Is Tan Sri Halim Saad's Weekend Marriage Legal In Malaysia?
The Renong chairman, Tan Sri Halim Saad, married the niece of the finance minister's new kid on the corporate block, in a glittering wedding in Singapore over the weekend.  Bolehland's best and brightest turned up for the glittering show that one comes to expect when corporate tycoons running away from their bankers decide to take a new wife.  Which is exactly what Tan Sri Halim did.  Renong is a leading Malaysian conglomerate in more ways than one:  it is officially favoured, it has debts it cannot repay, but it continues to get contracts galore from a grateful government -- it has just got a contract to build a dam in Singapore.  But its corporate jets have disappeared, and money does not flow like water any more, it is more like urine flowing from one suffering from prostate problems.

The  grand show put on for the wedding served more than one purpose:  besides the uniting of lovebirds after the Tan Sri's messy divorce in which his ex-wife wants to take him to the cleaners, it is also a warning and signal to those who have doubts about the long term viability of Renong and its sister-company, UEM, that all is well.

     But reading through the press reports about the wedding, one thing struck me.  There is no mention anywhere in these reports of his marriage under shariah laws.  The impression one gets -- and I showed the reports to several Muslim friends -- is that it is a civil wedding.

With the Prime Minister insisting in his speeches around the country that PAS is not Islamic, how could such a wedding take place without paying homage to Islam as the country's official religion?  Unless, of course, the Muslim ceremony took place in Malaysia.  As far as I know, that did not take place.  I could, of course, be mistaken.  But given the high prominence of the wedding in Singapore, it is fair to assume that a similar wedding in Malaysia would have been as high profile. The Prime Minister, who dismissed a deputy prime minister because he believed he went against Muslim sensibilities, cannot have this become an electoral issue.  When I called a PAS ulamak friend to check on this, it was he who raised the question before I did.  This means that until and unless Tan Sri Halim Saad comes clean and is unequivocal about his Muslim marriage, the fallout would be worse than his messy divorce from his first wife.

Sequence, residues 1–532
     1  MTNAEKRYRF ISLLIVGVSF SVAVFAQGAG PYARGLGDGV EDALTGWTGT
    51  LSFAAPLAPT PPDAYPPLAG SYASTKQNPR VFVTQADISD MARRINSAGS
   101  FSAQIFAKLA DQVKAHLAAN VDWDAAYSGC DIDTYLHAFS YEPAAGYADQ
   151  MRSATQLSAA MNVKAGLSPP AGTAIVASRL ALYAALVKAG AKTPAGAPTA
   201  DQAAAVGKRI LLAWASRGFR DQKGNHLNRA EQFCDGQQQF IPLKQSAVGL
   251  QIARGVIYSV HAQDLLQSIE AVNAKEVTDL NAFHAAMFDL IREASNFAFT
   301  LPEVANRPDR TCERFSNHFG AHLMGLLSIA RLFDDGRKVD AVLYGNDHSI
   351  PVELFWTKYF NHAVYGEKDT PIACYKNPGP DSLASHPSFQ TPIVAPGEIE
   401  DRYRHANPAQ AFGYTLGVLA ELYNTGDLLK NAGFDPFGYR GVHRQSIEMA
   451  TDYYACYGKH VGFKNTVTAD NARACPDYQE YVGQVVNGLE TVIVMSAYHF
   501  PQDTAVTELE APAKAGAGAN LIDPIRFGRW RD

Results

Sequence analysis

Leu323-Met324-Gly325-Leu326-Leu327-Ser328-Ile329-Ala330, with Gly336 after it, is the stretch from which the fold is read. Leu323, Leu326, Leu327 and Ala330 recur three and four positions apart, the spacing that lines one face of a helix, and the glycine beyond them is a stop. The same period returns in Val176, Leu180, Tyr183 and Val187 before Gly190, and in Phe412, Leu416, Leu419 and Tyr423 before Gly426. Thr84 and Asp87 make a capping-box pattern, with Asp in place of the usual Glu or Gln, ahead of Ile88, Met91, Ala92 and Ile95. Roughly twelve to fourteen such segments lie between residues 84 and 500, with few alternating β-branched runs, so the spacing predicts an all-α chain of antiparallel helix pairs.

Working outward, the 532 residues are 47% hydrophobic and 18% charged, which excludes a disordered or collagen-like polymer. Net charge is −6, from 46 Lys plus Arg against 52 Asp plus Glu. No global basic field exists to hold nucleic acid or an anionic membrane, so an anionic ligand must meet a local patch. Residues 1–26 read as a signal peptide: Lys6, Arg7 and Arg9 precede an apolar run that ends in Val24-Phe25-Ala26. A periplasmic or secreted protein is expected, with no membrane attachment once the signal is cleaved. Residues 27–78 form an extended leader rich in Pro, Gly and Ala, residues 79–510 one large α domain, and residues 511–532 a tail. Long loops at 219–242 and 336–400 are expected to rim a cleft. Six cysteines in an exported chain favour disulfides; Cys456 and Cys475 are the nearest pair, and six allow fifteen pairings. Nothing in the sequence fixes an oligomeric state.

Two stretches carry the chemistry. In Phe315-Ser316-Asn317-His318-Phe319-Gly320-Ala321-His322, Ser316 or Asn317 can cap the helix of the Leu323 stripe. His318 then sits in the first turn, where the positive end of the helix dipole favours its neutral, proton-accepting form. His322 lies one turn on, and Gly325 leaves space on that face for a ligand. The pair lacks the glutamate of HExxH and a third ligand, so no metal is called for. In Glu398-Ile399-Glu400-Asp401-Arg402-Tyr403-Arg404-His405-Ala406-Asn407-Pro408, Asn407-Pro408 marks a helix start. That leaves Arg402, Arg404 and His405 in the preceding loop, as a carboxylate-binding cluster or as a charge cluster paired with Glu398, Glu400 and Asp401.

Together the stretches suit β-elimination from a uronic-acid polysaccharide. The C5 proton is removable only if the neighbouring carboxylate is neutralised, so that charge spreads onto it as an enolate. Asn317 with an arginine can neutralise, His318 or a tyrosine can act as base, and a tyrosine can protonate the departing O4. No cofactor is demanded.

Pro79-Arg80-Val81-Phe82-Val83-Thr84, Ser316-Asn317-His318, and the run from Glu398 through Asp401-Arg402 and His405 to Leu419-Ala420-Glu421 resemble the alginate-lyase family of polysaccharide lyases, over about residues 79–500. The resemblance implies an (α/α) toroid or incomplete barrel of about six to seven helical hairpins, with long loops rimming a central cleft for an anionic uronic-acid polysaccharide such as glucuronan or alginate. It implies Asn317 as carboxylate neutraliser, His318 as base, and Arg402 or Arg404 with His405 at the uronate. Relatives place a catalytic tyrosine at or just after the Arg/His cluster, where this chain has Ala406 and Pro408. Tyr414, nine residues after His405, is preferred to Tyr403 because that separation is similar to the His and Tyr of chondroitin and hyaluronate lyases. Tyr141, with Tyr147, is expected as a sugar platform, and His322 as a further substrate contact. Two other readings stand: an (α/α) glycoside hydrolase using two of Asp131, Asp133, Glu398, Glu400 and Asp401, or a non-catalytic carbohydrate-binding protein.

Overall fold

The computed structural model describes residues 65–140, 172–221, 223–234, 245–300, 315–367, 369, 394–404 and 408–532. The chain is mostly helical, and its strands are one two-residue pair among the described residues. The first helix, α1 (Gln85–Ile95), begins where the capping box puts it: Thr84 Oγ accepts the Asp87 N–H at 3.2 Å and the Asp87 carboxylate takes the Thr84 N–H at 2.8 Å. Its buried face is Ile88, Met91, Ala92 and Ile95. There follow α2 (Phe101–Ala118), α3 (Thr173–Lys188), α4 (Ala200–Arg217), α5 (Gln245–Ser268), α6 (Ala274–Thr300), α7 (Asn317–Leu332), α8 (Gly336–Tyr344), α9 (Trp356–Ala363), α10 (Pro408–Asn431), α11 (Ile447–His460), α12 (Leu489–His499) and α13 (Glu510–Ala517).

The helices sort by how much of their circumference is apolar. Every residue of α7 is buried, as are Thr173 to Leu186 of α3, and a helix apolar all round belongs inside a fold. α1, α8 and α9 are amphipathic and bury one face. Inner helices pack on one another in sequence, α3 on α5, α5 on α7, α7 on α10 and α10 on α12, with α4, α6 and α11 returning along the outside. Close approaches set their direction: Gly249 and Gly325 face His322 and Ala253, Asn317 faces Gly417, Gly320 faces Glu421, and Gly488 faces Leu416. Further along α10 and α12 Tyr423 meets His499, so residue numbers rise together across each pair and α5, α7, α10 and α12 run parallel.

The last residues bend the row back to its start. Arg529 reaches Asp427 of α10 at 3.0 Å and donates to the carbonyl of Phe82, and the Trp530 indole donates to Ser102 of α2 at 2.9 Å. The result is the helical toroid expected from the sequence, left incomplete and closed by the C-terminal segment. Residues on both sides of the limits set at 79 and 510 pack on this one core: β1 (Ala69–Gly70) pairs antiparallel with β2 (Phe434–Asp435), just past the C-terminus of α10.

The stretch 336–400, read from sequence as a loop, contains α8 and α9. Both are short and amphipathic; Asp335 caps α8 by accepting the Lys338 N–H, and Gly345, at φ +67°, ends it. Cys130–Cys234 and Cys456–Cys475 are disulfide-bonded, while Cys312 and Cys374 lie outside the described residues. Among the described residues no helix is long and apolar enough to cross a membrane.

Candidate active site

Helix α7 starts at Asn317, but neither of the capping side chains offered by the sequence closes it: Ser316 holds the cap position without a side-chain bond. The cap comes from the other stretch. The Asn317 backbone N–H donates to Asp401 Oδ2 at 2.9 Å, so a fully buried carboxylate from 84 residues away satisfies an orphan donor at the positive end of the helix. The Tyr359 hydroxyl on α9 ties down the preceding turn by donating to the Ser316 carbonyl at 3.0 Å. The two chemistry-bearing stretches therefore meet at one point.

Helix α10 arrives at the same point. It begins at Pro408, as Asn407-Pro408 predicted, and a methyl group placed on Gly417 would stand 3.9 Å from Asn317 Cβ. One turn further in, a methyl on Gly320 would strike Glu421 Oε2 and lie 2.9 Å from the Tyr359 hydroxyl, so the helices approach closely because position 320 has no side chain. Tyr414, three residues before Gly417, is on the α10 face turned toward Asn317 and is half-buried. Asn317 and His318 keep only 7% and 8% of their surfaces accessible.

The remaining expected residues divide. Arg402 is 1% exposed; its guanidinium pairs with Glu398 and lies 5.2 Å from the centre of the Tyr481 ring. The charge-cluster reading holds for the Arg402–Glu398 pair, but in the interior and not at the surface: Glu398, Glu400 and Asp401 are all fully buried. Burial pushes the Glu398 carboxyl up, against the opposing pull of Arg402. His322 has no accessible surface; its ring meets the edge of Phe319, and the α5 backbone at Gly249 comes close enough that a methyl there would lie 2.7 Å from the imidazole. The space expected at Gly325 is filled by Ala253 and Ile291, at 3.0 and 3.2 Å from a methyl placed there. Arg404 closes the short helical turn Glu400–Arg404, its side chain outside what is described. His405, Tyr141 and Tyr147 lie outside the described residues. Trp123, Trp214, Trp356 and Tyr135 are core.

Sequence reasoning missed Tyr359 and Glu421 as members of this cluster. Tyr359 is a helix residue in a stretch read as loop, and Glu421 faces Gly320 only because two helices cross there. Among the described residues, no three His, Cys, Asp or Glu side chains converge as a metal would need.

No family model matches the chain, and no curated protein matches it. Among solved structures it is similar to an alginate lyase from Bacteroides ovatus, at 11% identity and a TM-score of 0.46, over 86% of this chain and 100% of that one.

In the highest reaches of Bolehland's corporate and political world, marriages are made not in heaven but in bank and corporate parlours. Tan Sri Halim, 45, married a Singapore lawyer working in Malaysia, Shaesta Said, who is 25 or 29 (depending on whether you want to believe AFP or Bernama), a niece of Dato' Akhbar Khan, the latest entrant in the highstakes contest to acquire the most debt in the  shortest possible time.  He is one of three parties attempting to take
control of the CLOB Malaysian shares, which fell foul of the KLSE's re-registering them.  Tan Sri Halim is chairman of the Renong-UEM combine which with Telekoms is the third entrant.  Given the way these things work in Bolehland, the Prime Minister is outclassed in this affair.  Both Tan Sri Halim and Dato' Akhbar Khan are acolytes of the Penghulu;  while the second of the three proposals is submitted by Tengku Abdullah, whose relationship with the Prime Minister is well known;  unless he can come with a brighter plan, the Pengulu now marches ahead in the grand plan to acquire the suspended Malaysian shares.

The arrogance with which these things are conducted is the stuff of Bolehland legend.  Tan Sri Halim Saad must come clean on the status of his Muslim marriage, where it was held and when.  Especially when it is the official view in Malaysia that a marriage between Muslims, one of whom is a Malaysian, overseas is not recognised unless it is conducted according to Muslim rites.

M.G.G. Pillai